Oral capsules may phase out insulin injections

It will ensure sustained insulin release for 20 hrs in a lower dose

Oral capsules may phase out insulin injections

Indian scientists have come up with an oral capsule which is expected to replace the daily insulin jabs, bringing a big relief to diabetic patients.

Instead of injections, which ensure availability of the sugar-controlling protein for six to eight hours after a meal, the capsule will ensure sustained release of insulin for 20 hours in a lower dose. A team of young researchers at National Institute of Pharmaceutical Education and Research, Mohali, has developed nano-particles of insulin, which will be available in the form of a powder. The powder can be filled inside a capsule for clinical use.

“Laboratory studies show our insulin reduces blood sugar level up to 86 per cent within four hours and up to 64 per cent reduction in blood glucose level is achieved for 24 hours. We filed a patent on the nano particles of insulin in December,” Sanyog Jain, a scientist at NIPER, said while presenting his research paper at the 101 session of Indian Science Congress here.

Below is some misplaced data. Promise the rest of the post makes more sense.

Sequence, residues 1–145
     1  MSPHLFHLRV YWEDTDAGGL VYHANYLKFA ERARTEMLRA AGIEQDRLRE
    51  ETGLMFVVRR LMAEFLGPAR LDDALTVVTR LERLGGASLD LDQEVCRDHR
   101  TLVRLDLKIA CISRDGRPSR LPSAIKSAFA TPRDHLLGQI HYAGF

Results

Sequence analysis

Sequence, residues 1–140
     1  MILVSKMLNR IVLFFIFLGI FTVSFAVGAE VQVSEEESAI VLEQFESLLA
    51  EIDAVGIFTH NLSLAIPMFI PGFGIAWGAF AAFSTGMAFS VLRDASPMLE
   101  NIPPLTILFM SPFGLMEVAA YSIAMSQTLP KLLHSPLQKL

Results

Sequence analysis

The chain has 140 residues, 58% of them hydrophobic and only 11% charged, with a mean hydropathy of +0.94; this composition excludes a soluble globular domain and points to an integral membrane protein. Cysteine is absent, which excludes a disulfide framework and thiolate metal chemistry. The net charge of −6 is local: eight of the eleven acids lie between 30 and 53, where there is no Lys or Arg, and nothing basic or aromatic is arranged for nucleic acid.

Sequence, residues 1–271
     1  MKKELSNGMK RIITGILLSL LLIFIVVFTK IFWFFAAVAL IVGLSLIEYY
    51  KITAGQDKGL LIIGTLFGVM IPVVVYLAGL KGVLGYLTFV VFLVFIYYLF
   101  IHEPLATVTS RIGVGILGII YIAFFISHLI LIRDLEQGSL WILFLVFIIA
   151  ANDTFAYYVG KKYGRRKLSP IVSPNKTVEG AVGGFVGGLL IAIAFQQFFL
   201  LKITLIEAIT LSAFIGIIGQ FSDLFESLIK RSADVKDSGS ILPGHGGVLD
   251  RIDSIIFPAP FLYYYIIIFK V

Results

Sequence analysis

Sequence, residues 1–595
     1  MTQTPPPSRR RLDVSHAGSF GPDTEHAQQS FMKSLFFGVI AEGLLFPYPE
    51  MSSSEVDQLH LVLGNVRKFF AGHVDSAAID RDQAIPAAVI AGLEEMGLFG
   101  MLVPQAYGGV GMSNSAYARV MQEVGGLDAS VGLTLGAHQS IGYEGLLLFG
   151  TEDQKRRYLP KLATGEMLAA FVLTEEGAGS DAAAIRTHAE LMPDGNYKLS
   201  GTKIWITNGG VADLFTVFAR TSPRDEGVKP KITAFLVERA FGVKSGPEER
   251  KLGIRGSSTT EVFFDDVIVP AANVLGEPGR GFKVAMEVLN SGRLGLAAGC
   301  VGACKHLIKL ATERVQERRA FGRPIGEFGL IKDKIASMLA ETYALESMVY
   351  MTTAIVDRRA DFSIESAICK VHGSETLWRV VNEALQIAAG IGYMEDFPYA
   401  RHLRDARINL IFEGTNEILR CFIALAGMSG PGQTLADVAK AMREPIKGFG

Scientists inserted insulin inside tiny lipid shells (nanoparticles) because without a protective armour, it will be destroyed in the gut when consumed orally. The NIPER team encapsulated the insulin within dietary lipids, which degrade naturally inside the body.

“We have shown the efficacy in rats, but have not carried out toxicity studies. We are in the lookout for a partner for further development,” Jain, one of the winners of Indian National Science Academy’s Young Scientist awards, told Deccan Herald.

Oral intake of insulin may significantly improve the quality of life of diabetic patients.
 While several strategies to deliver insulin orally have been proposed by scientists worldwide, there is not much clinical or commercial success so far. Protein encapsulation into nanoparticles is a promising alternative to administer insulin orally.

“It is an exciting area of research but there are questions on the safety of the delivery system. Sustained release is not always good as continuous supply of insulin can cause cancer. The nano-delivery method needs vigorous scientific validation,” commented Ram Vishwakarma, director of Indian Institute of Integrative Medicine, Jammu – a drug research institution not linked to the NIPER study.

“Pharmaceutical major Pfizer and Indian biotechnology company Biocon, too, are trying to come out with an oral insulin. The first trial of Biocon failed while the Pfizer product is undergoing trial. There are several technical challenges in encapsulation and release of insulin,” said N K Ganguly, former director-general of Indian Council of Medical Research.

Jain explained that Biocon’s product was chemically modified to make it stable and cross the intestine barrier. It had to be used with a performance enhancer. The NIPER product was created following a different approach to make it superior than the Biocon product, he claimed.

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